Campaign 2.0

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Whenever you go to peer-networking site MySpace, you’re immediately confronted with three of what the site calls “Cool New People.” They appear underneath where you enter your e-mail address and password to log in. Lately, the “Cool New People” have reliably been two regular people and then a 2008 presidential candidate who has created a MySpace profile. So it’s something like “Megan … Kim … Bill Richardson…”

“Hi, my name is Mitt Romney, and my interests include boys, shopping, and the Electoral College.”

For the most part, ’08 candidates’ entries onto MySpace seem to have gone seamlessly. But one was not without an element of chaos, that of Senator Barack Obama.

Anyone who’s been on MySpace knows it’s full of profiles representing public figures and celebrities that are not actually run by those people, they’re run by average citizens who find it fun or funny to create a profile for someone they’re not who wouldn’t normally be on a peer-networking site (like maybe because they’re dead). In November 2004, just after Obama was elected to the U.S. Senate, a 29-year-old paralegal in Los Angeles named Joe Anthony started a MySpace page for the Senator. It was intended as a tribute, and Anthony claims to have put a lot of time into developing the page.

This was all well and good, until Obama entered the ’08 presidential race this year. By then Anthony’s unofficial profile’s friends had swelled to 160,000, and the campaign decided it needed to take over the page. Negotiations for the campaign’s takeover went underway, with Anthony requesting a payment of $39,000 for his work building up the page. But then, for reasons that are not entirely clear, things between the two parties turned ugly, and the Obama campaign seized control of the account. They lost 160,000 friends, but took control of the page. (As of this writing the profile is built back up to less than 75,000 friends – Obama better start meeting more people at parties if he wants to be elected president).

Let me come right out and say what I think of this whole saga; I think it’s stupid. How does a paralegal in Los Angeles have so much time to dedicate to building up a MySpace profile for a Senator from Illinois? Meanwhile, the Obama campaign’s MySpace profile as it stands now is linked to multiple other Obama tribute pages; if all these are tolerable, why did it need to forcibly wrest control of one?

Anyway, at least when it did take control of the profile, the Obama campaign had the good sense to maintain a sense of “net-roots” in the design of its page. Obama’s profile looks like a real MySpace profile; it has blocky blog entries and raw HTML embed code and posted comments like one from a man named “they call me the tongue tickler!!!!!” asking “does any body kno Mr. Obama’s views on legalizing marijuana?”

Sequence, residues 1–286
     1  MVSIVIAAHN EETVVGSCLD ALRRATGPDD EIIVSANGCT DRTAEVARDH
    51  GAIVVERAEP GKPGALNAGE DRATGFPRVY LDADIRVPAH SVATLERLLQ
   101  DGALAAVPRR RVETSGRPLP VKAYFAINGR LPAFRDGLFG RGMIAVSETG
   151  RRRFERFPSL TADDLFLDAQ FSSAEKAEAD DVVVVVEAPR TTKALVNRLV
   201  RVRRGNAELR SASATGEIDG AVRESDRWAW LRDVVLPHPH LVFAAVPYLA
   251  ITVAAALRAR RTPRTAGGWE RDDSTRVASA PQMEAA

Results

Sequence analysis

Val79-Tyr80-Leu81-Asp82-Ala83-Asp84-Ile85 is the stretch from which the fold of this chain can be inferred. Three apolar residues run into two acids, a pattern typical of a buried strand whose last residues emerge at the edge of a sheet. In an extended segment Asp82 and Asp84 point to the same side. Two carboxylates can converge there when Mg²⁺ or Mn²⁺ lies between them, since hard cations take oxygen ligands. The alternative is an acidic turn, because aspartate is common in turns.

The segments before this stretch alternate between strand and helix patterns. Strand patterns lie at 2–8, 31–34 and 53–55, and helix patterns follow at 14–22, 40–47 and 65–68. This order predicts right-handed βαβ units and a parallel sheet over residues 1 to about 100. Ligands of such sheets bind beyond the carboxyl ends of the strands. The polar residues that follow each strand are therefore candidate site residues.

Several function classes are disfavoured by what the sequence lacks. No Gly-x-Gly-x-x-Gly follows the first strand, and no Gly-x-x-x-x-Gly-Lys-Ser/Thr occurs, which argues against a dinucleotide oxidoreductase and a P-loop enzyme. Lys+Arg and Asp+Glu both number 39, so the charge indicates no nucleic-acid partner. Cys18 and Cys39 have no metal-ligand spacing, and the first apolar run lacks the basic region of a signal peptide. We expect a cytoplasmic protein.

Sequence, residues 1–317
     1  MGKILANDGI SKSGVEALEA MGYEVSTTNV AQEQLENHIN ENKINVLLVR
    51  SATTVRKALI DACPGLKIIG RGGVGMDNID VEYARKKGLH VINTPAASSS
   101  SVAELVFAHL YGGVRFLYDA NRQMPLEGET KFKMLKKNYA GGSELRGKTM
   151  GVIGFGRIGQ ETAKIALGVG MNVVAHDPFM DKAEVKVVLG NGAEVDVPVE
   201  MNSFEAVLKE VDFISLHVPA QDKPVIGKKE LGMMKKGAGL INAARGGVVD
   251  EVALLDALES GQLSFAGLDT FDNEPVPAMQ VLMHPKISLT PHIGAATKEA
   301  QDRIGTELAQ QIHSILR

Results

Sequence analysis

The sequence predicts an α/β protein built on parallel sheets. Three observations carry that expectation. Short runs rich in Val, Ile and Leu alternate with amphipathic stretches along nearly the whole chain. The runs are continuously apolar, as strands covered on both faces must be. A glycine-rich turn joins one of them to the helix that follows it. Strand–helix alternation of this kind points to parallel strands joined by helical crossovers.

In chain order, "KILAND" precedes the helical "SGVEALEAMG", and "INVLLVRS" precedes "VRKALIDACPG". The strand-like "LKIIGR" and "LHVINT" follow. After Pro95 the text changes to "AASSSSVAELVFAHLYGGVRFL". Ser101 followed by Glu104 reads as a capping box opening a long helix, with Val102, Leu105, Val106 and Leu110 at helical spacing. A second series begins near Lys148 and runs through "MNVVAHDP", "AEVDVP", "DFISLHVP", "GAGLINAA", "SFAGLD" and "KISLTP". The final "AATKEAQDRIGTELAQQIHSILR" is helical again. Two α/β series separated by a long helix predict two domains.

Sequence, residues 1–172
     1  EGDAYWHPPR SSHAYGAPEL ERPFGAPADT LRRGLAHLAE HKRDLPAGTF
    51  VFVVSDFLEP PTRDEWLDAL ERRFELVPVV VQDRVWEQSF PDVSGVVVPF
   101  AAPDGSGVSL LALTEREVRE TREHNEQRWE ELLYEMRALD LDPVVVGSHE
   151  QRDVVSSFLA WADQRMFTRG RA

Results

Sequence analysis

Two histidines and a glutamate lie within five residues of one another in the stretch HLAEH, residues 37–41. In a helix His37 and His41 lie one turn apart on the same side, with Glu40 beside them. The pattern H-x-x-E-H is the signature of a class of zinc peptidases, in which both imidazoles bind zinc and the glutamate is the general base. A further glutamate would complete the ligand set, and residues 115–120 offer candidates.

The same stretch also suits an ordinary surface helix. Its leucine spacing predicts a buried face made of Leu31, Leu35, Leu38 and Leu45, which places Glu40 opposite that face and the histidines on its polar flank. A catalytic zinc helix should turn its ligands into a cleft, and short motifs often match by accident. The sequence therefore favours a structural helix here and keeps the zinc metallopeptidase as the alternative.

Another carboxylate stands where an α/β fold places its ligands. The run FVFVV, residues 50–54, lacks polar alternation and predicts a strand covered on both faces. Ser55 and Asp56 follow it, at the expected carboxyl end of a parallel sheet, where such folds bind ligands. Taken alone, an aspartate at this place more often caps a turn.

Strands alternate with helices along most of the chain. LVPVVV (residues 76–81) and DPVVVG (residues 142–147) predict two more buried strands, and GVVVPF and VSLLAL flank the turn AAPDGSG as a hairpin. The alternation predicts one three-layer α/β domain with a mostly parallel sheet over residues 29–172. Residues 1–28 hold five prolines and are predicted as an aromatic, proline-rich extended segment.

You won’t find bullmess like that on John McCain’s MySpace page. A trip over there reveals that McCain is “Male” and “70 years old.” Thrilling. The profile itself, meanwhile, looks like a somber Web page with MySpace elements merely appearing within it. His ‘About Me’ section outlines a three point plan to “Help Spread the Word!”:

1) First, add John McCain as your friend in MySpace.

2) Next, add a banner to on your MySpace page.

3) Finally, email your friends, tell them about John McCain, and invite them to join John McCain on MySpace.

Mmm, I’d rather send my friends an e-card of a monkey speaking swear words, but OK. One other thing McCain’s MySpace profile has, which all ’08 presidential candidate’s MySpace pages also have, is YouTube clips. This is the other front on which the battle of ’08 campaign 2.0 is being waged; YouTube. The 2008 presidential candidates all have YouTube clips, but for the most part they’re just clips of speeches or long, boring commercials for the candidates. Hilary Clinton’s YouTube commercial has Bill Clinton on video endorsing his wife within the first 30 seconds of the clip, and ends with him as well! So your husband endorses you for president, we probably could have surmised that without the clip. Anything else you’d like to add? Will you be voting for yourself?

When Clinton himself was elected president, some credited it to his galvanizing the youth vote with moves like going on MTV News to answer audience questions in a public forum and on the Arsenio Hall Show to blare “Heartbreak Hotel” on a saxophone wearing sunglasses. To use Web 2.0 to its best advantage, the ’08 presidential candidates are going to have to figure out how to use it to electioneer a moment like that. Because all the MySpace adds in the world aren’t going to clear an election field crowded with 17 candidates and counting.

–Daniel Margolis,

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